It makes sense. When Cosmé and I disappeared, Ariña undoubtedly took the opportunity to search my suite. I just wonder if she commandeered the palm out of pique, or if she knew the Godstones were hidden there.

  “Well, Your Highness, I think we should pay a visit to the condesa immediately. ” I lean toward him conspiratorially. “I’ll keep her distracted so you can dig. ”

  A sallow woman with gray-brown hair opens the door. “The condesa is not seeing visitors right—oh, Your Majesty. ” Her curtsy is awkward and quick.

  “May we come in?” I give Rosario’s hand a reassuring squeeze. Or maybe it’s to reassure myself.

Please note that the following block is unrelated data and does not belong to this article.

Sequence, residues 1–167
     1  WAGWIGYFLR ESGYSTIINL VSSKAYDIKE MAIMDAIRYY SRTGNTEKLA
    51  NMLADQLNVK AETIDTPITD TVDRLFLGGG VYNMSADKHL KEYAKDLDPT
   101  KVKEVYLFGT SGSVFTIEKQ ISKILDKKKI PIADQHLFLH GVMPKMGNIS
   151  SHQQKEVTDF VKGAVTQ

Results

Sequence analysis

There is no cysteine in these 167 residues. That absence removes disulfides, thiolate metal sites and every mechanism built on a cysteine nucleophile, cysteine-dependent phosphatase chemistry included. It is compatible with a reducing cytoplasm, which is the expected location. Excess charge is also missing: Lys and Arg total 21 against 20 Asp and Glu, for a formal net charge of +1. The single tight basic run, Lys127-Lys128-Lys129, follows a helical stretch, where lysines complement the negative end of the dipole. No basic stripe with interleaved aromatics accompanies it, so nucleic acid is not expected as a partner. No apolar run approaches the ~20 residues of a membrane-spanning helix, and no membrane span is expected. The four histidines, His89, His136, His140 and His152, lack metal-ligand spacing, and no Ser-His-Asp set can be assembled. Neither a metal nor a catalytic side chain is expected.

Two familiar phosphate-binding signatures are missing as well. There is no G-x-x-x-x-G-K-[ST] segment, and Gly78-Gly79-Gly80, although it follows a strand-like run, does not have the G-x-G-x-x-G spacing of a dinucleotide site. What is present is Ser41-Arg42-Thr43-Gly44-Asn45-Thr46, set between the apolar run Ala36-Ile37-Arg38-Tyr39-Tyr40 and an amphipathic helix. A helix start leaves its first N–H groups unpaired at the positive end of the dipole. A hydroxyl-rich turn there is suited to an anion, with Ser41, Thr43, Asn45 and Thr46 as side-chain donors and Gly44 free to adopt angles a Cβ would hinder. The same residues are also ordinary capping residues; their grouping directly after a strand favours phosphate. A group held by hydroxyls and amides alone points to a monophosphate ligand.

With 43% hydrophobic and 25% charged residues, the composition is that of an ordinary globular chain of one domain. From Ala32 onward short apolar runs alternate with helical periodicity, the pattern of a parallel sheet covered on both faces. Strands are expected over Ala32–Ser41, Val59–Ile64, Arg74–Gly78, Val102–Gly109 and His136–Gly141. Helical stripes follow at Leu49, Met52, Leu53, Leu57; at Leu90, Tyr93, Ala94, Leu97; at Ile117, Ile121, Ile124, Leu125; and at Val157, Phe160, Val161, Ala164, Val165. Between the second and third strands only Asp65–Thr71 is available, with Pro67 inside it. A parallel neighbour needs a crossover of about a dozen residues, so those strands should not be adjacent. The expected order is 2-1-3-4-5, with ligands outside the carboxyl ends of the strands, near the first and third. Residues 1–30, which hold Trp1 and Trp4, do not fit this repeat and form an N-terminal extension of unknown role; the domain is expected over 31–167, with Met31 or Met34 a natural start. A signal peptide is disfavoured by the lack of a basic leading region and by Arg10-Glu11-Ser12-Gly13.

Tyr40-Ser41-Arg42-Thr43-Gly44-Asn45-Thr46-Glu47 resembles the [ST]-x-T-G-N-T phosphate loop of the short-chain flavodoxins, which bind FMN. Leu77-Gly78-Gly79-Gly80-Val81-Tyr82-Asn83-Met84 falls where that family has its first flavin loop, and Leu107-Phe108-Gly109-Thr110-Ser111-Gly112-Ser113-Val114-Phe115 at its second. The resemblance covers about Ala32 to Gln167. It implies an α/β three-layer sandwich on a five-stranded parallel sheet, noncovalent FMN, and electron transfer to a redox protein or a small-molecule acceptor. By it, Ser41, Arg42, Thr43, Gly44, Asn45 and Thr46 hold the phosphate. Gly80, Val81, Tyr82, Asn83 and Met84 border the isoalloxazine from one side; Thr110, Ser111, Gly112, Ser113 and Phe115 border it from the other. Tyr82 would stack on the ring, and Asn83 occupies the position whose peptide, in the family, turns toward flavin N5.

Her body is firmly lodged in the opening, preventing me from seeing inside. “Well, Your Majesty, I’m afraid the condesa truly feels—”

  We don’t have time for this. I stare evenly at the maid. “I insist. ”

  She steps back, head down. “Yes, Majesty. ”

  I push inside. Ariña’s suite is very similar to mine, with a large bedroom and adjoining bath area. She prefers darker, jeweled tones, though, which surprises me. I imagined her surrounded by whites and airy pastels.

  Ariña lounges on her poster bed in a nightgown of deep plum, one arm wrapped around a shiny emerald throw pillow. She raises a wineglass to me as I enter. “Your Majesty!” It sounds like an expletive in her mouth in spite of her childlike voice.

  “Hello, Ariña. ” She is less beautiful than I remember. The same slender limbs, the same startling honey-gold eyes. But she’s like an old corn husk, all dried out and empty inside.